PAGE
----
Why did some people risk lives to save strangers while others abandoned friends during the Holocaust? A new exhibit at the United States Holocaust Memorial Museum explores collaboration and complicity.
A new biography of Diane Arbus describes the photographer as idiosyncratic, troubled, needy and sexually compulsive. Julie M. Klein addresses the many seductions alluded to by author Arthur Lubow.
Though the citizens of Polish ghettos perished, their vivid testimonies survive. Julia M. Klein reviews “In Those Nightmarish Days: The Ghetto Reportage of Peretz Opoczynski and Josef Zelkowicz.”
Though many may know the exploits of Simon Wiesenthal and Beate and Serge Klarsfeld, a new book by Andrew Nagorski documents the achievements of some less-familiar Nazi hunters too.
Before the Dead Sea Scrolls, another Biblical discovery made headlines. The purported original Book of Deuteronomy was sold for $1 million in 1883. More than a century later, Chanan Tigay tries to track the book down — and determine whether it was real or forged.
A new herculean effort of investigative journalism has cleared up some mysteries regarding Raoul Wallenberg’s wartime heroism. But there are some that even biographer Ingrid Carlberg can’t solve.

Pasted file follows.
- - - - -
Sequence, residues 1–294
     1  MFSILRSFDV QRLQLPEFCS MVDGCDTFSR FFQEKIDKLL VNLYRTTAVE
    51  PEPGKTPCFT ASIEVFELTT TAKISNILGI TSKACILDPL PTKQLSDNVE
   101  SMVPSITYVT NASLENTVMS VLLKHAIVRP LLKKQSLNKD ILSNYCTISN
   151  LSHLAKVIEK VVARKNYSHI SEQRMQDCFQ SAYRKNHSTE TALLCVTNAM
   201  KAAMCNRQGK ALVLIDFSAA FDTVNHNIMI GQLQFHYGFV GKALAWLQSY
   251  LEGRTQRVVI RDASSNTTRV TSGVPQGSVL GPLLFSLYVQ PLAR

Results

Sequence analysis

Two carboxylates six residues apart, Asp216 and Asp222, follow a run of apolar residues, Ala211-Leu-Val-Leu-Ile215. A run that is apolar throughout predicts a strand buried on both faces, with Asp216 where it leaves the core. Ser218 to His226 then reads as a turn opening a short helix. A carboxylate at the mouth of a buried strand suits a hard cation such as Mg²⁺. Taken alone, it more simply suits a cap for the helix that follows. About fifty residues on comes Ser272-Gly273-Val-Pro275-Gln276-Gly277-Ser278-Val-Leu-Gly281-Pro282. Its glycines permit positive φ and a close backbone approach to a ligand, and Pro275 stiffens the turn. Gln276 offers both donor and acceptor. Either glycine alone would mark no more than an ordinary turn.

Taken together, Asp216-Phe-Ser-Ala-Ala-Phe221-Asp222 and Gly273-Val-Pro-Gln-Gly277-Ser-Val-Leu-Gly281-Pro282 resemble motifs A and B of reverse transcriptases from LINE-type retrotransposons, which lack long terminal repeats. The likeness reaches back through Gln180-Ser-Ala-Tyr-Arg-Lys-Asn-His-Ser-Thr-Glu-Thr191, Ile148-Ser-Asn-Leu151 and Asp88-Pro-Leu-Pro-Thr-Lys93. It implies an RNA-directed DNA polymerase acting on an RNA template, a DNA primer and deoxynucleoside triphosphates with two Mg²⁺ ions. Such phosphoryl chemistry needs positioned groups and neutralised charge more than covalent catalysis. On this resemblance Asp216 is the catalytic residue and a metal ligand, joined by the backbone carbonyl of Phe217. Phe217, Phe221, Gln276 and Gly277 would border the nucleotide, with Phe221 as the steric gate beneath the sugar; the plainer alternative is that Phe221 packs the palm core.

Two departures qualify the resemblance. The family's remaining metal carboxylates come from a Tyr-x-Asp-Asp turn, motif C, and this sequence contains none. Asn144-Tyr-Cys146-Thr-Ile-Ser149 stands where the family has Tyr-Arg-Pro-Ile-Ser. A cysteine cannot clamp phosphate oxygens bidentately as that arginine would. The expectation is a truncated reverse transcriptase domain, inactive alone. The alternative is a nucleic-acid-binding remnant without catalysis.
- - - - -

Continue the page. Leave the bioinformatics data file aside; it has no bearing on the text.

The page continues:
A former student and intimate acquaintance of Bernard Malamud makes her fiction debut. Julia M. Klein discusses “Scary Old Sex,” by Arlene Heyman.
For Harry Houdini and his wife Bess, love was the most magical trick of all. In her new novel, Victoria Kelly channels the life of a master escape artist and her famous husband.
The explicit, violent sexual passages and defiance of realism may challenge some readers. But Julia M. Klein says “Unspeakable Things,” by Kathleen Spivack is an exciting and energetic debut Holocaust novel.
In the summer of 1936, the authors Stefan Zweig and Joseph Roth found some moments of peace before the arrival of the impending catastrophe. Zweig and Roth’s friendship is chronicled in Volker Weidermann’s “Ostend.”